Sean looked around for a chair on which to place his expensively fabricked backside. When he didn’t see one he went to the step, put the coffees he’d been carrying and the bag on his elbow on the wood and started brushing off a spot. Even in the Cairns humidity there was some silk in his ensemble, as always. I sat up and joined him, scratched my scalp awake. I’d placed Woman and her young in the cardboard box turned on its side in a corner of the porch, a door made out of a towel. The big goose hissed at the sound of us from behind the towel and Sean whipped around.

“Don’t tell me—”

“It’s a goose,” I said. “Anser domesticus.”

“Oh, I thought it was a snake.” The lawyer gripped at his tie, flattened and consoled it with strokes. “What the hell have you got a goose for?”

“Geese, actually. It’s a long story.”

“They always are with you.”

“What are you doing up here? When did you get here?”

“Yesterday. I’m heading to Cairns, so I thought I’d stop by. Got a sexual assault defendant who’s jumped bail. I’m going to try to talk him back down. Everybody flees north.”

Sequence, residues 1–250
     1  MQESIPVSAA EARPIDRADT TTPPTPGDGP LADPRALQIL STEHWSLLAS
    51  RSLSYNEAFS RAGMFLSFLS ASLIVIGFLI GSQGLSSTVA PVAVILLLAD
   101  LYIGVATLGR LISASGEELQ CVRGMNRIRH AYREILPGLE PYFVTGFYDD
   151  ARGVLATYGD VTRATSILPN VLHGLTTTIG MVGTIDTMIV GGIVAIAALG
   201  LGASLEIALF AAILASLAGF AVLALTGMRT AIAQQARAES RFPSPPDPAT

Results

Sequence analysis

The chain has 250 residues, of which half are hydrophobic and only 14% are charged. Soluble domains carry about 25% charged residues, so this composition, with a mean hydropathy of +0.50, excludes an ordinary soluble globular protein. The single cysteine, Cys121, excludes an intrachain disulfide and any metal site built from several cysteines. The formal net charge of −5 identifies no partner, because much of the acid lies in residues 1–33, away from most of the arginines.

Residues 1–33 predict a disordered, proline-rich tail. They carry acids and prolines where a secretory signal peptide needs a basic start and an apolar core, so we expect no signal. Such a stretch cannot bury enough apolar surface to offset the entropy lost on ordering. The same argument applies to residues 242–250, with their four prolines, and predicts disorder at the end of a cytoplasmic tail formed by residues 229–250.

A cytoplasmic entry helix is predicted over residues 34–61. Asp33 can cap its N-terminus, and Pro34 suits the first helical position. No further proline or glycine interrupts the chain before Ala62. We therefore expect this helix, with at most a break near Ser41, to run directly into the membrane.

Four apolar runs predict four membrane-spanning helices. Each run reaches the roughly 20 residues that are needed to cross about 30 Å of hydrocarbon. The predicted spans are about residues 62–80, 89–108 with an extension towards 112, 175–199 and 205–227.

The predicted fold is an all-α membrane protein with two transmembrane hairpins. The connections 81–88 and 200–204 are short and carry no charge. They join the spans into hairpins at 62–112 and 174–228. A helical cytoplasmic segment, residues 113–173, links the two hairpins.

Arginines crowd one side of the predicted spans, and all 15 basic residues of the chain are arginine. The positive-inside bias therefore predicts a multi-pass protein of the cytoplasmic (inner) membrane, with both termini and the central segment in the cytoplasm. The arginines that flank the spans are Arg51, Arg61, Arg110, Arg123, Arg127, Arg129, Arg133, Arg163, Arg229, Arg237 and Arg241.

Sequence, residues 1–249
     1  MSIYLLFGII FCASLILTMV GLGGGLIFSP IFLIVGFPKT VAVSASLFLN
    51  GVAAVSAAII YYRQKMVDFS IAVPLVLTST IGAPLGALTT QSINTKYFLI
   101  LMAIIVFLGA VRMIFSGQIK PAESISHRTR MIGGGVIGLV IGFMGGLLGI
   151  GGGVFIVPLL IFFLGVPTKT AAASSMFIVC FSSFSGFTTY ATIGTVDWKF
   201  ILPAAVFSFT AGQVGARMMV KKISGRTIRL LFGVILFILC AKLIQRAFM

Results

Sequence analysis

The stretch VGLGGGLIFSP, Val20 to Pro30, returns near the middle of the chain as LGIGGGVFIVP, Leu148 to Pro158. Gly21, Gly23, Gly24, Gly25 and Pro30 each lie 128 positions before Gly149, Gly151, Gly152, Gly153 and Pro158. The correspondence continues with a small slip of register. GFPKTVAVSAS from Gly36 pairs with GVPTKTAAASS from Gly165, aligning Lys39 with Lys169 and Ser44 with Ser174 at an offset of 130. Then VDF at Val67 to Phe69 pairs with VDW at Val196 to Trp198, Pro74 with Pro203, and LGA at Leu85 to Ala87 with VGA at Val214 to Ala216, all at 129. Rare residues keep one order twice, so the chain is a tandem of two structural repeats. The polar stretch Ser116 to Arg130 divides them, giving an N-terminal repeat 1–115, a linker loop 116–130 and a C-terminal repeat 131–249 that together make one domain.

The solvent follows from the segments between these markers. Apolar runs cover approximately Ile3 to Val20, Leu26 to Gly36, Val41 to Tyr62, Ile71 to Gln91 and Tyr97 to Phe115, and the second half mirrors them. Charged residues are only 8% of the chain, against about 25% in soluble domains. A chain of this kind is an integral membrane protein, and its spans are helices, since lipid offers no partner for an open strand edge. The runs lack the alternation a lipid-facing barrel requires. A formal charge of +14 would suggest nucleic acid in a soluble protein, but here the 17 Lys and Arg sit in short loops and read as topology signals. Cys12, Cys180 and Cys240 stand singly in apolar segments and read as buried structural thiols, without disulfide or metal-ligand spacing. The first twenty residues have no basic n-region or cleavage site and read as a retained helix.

“If you’ve got to hide, it’s better to do it where it’s warm.”

“Right.” Sean looked at me. “Look, good news, Ted. Not only have I brought my favorite client a delightful care package, but as of this morning your assets are officially defrosted. They took the block off your bank account this morning.”

“Just in time,” I said. “I’m down to my last few bucks. Those birds are officially the most expensive thing I own.”

The white-haired man handed me a plastic bag of goodies. Inside were a couple of paperbacks and some food items. I didn’t have the heart to tell him about my fridgeless state. There was an envelope of forms as thick as a dictionary in the bag. He took one of the coffees and handed it to me. It smelled good, but it wasn’t hot. There wasn’t anything at all within twenty minutes’ drive of the house, certainly nowhere that made a decent cup of coffee. It didn’t matter. The scary forms and the cold coffee couldn’t possibly dampen my joy at seeing Sean. There were about twenty-one million people in Australia who believed I was guilty of my crime. And one silk-clad solicitor who didn’t.

“I imagine there’s something in that envelope from Kelly,” I said.

“Adjustments to the divorce settlement. Again. Semantic stuff. She’s stalling.”

“It’s almost as though she wants to stay married to me.”

“No. She just wants to watch you wriggle.”

I sipped the coffee and looked at the marshlands. It was flat as glass out there, the mountains on the other side blue in the morning haze.